Song of Shadows and Dust is an urban conflict skirmish game - but a rather original one. It is based on the lawlessness and conflict in the cities of the Roman Empire during the late Consular period and the Early Principate, roughly the first century BC.
The author is Nicolas Wright and the game is based on the popular Song of Blades and Heroes skirmish engine devised by Adrea Sfiligoi.
Song of Blades and Heroes is a stunningly simple system. Models only have two characteristics, combat ability and morale. It achieves this by using a variety of unique special rules that are thrown onto the scenarios. This is very much a story-based game that is entirely unsuited to competition play or rules lawyers. Games last less than an hour so it is possible to get an entire campaign into an evening.
Heart of the game are the activation rules. To activate a model, a player throws one to three dice - his choice - and every successful throw as measured against the model's morale factor allows one action. Actions are basically move or fight. However, as soon as a player rolls two misses his turn ends immediately, without being able to activate his remaining models.
Very simple but intricate game play. In that property it reminds me of In Her Majesty's Name - although the mechanisms are different.
Song of Shadows and Dust rules are a complete game. You don't need the core rule set. Many preprogrammed 'characters' are listed. Characters include people like: Militia Officers, Magistrates, Faction Leaders, Street Leaders, Patriarchs, Politicians, Gladiators, Prophets, Witches, Courtesans and others. There are also pregenerated plebs: Militia, Henchmen, Retired Soldiers, Apprentices, Assassins, Muggers, Thieves Urchins, Gladiator Bodyguards and so on.
There are some lovely touches. For example, your forces may get distracted by a model such as a famous beauty or a popular soothsayer, or kicked over by an ass.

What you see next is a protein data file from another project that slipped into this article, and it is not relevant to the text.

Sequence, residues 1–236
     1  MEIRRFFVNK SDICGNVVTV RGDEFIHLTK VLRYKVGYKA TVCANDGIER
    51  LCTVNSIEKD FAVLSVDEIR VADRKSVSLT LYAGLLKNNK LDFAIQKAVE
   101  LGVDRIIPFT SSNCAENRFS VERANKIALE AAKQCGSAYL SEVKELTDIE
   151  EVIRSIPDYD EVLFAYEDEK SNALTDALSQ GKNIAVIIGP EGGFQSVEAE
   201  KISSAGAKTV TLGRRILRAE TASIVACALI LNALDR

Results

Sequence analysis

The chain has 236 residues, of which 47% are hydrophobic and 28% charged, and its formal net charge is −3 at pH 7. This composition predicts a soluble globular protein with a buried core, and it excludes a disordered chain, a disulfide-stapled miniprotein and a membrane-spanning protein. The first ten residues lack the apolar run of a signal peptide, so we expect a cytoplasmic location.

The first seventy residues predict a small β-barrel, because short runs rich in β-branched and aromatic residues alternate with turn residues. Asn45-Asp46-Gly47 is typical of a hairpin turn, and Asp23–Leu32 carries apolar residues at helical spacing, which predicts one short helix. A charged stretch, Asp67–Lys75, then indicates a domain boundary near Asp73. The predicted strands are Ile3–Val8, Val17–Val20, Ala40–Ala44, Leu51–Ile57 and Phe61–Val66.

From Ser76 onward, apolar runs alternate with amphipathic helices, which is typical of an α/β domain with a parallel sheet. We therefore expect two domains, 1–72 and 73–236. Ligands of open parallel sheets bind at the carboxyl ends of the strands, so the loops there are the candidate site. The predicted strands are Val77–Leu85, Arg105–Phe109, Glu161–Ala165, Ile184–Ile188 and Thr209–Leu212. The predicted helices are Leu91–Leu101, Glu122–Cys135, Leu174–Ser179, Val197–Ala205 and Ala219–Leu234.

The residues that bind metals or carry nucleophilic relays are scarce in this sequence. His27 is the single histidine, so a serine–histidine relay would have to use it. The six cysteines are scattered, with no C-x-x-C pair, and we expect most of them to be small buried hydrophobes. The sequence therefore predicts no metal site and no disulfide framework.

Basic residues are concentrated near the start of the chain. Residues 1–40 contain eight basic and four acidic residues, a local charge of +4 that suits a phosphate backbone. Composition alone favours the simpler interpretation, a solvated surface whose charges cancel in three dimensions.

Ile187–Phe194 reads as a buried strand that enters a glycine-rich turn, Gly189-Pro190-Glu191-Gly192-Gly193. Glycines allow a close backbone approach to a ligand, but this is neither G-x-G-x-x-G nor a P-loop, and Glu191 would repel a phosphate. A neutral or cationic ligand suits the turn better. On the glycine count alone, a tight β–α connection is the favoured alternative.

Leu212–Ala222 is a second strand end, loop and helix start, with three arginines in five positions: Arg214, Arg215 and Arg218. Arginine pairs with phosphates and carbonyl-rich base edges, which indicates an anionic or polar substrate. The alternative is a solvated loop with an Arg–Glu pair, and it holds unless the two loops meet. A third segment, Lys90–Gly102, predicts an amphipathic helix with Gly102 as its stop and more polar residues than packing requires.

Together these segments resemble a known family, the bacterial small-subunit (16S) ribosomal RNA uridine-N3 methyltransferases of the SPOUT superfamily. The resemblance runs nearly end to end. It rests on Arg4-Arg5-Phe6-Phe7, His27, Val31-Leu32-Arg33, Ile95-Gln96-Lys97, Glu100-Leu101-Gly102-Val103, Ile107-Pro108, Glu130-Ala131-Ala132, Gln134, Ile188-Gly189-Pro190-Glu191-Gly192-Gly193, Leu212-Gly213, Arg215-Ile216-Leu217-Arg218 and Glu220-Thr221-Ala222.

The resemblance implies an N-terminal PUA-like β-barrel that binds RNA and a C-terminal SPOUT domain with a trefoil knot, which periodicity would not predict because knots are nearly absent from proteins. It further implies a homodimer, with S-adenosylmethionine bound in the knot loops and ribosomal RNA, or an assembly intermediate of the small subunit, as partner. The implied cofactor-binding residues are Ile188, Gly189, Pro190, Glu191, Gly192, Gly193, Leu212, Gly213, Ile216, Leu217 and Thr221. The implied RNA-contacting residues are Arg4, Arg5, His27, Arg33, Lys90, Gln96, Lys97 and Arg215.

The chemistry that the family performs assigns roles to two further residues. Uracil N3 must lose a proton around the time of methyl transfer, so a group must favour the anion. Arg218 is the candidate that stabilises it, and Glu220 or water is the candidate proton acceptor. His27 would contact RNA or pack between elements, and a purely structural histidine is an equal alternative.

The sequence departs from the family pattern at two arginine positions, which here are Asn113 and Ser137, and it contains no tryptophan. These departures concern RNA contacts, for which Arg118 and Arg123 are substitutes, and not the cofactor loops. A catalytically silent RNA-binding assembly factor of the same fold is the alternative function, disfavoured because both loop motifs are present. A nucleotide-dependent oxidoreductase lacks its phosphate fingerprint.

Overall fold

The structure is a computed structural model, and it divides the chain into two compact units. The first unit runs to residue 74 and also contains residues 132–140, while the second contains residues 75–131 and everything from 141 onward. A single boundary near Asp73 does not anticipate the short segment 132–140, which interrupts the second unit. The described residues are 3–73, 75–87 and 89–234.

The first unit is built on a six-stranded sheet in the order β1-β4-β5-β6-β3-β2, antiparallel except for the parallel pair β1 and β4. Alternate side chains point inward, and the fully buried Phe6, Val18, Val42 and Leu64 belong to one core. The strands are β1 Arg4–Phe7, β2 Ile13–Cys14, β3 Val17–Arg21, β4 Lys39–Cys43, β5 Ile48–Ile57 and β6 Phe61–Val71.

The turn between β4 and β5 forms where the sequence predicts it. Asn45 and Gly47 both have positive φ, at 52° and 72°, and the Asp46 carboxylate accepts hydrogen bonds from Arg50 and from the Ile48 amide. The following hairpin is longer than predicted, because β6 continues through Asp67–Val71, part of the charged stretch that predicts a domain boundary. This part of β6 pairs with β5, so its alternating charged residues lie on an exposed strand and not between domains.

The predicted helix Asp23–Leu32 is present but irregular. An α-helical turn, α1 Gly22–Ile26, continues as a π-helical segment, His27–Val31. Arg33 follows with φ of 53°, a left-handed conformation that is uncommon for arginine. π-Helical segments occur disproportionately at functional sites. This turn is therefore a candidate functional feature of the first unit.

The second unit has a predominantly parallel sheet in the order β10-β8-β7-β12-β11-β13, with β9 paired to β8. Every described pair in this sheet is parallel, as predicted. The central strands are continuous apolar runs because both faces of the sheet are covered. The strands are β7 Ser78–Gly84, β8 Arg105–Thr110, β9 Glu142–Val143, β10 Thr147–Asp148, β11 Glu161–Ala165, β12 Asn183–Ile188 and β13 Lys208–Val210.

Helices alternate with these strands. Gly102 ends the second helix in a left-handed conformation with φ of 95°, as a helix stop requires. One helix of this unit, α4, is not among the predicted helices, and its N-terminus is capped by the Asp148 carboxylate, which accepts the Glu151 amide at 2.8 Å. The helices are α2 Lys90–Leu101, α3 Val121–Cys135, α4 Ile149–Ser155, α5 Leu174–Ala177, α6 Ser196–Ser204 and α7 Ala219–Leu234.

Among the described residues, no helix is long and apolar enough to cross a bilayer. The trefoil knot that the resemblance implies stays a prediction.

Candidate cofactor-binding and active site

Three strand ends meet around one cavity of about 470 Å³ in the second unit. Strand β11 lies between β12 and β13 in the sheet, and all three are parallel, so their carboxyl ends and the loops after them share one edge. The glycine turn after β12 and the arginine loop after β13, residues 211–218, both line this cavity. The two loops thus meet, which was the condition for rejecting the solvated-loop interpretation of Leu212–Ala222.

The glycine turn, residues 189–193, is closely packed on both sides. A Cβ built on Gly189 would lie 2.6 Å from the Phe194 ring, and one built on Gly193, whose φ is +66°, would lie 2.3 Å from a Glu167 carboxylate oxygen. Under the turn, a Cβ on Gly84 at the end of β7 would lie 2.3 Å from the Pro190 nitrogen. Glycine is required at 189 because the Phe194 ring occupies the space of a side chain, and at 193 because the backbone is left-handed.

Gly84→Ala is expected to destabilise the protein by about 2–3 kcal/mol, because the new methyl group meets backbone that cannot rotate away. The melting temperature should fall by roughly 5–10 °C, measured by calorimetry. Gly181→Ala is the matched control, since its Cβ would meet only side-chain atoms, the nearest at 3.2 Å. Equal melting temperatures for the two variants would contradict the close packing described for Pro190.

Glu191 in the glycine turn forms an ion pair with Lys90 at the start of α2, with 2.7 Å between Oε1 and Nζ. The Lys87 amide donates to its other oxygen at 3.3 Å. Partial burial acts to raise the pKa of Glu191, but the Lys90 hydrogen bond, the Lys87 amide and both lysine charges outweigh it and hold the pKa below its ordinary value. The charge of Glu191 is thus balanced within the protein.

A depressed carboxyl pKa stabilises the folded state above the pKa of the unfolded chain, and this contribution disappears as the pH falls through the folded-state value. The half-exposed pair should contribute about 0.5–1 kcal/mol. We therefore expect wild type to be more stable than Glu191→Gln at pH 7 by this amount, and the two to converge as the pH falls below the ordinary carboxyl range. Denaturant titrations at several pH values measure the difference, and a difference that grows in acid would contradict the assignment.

That brings me to a key point. The city is full of neutral civilians that can get drawn into the fight. One of the characters is the Demagogue who can make a speech to start a riot. Off hand I can't remember another game that handles the civilian side of an urban conflict so elegantly.
Similarly the game ends when seven people drawn from any mix of factions or neutrals are 'killed' (injured badly enough to be out of the game). The logic is that the mayhem is reached such a serious scale that the authorities have summoned soldiers. Everyone clears the streets before the Urban Cohorts or equivalent arrive.
Models come in three types:
Unarmed: civilian improvised hand weapons from a knife to a club or something agricultural
Armed: military grade hand weapons weapons like swords, spears and shields (very illegal for civilians to carry these in Rome)
Projectiles: slings and bows
Civilians can come together to stone some unfortunate :)
This is a great game - simple, tactically challenging, atmospheric, well thought out, historically accurate.
You don't need many models but you will need civilians. Some great packs are available from Foundry.
With Song of Shadows and Dust you jump straight into the worlds of Falco, Marcus Corvinus, Gordianus the finder or Vespasian - by chance I have just read the Crossroads Brotherhood by Robert Fabbri which is about one of the crossroads collegia in Rome. Such collegia were a sort of cross between a religious group, trade union and organised crime network.
Next post I will take us through a game. Watch this space.
Saturday, 20 September 2014
Thursday, 18 September 2014
Wednesday, 17 September 2014
I am very taken with FFG X-wing range of ships. They are not exactly cheap but they are very high quality. Shop around, there are discounts to be had especially on unpopular ranges.
Queue sinister music.
A Tie Phantom leads two Tie Fighters followed by a Tie Bomber
Apparently a Spaceship game is acoming - but can I afford it?